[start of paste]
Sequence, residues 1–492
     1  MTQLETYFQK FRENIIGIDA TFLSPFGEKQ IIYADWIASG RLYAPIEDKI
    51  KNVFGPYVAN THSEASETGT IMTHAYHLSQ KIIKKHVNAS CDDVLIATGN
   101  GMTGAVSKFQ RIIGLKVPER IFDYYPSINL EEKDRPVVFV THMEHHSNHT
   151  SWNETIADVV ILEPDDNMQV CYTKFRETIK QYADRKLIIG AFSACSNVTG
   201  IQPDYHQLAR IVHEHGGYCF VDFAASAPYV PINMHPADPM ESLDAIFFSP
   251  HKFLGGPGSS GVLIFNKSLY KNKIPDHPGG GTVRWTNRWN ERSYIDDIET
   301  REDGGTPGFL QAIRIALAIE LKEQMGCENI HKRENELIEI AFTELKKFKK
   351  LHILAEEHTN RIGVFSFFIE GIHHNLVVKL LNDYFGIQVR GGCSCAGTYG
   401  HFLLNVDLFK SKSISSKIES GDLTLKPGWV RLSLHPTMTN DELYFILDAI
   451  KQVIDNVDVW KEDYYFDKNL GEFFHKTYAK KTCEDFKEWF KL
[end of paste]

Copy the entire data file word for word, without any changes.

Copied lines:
Sequence, residues 1–492
     1  MTQLETYFQK FRENIIGIDA TFLSPFGEKQ IIYADWIASG RLYAPIEDKI
    51  KNVFGPYVAN THSEASETGT IMTHAYHLSQ KIIKKHVNAS CDDVLIATGN
   101  GMTGAVSKFQ RIIGLKVPER IFDYYPSINL EEKDRPVVFV THMEHHSNHT
   151  SWNETIADVV ILEPDDNMQV CYTKFRETIK QYADRKLIIG AFSACSNVTG
   201  IQPDYHQLAR IVHEHGGYCF VDFAASAPYV PINMHPADPM ESLDAIFFSP
   251  HKFLGGPGSS GVLIFNKSLY KNKIPDHPGG GTVRWTNRWN ERSYIDDIET
   301  REDGGTPGFL QAIRIALAIE LKEQMGCENI HKRENELIEI AFTELKKFKK
   351  LHILAEEHTN RIGVFSFFIE GIHHNLVVKL LNDYFGIQVR GGCSCAGTYG
   401  HFLLNVDLFK SKSISSKIES GDLTLKPGWV RLSLHPTMTN DELYFILDAI
   451  KQVIDNVDVW KEDYYFDKNL GEFFHKTYAK KTCEDFKEWF KL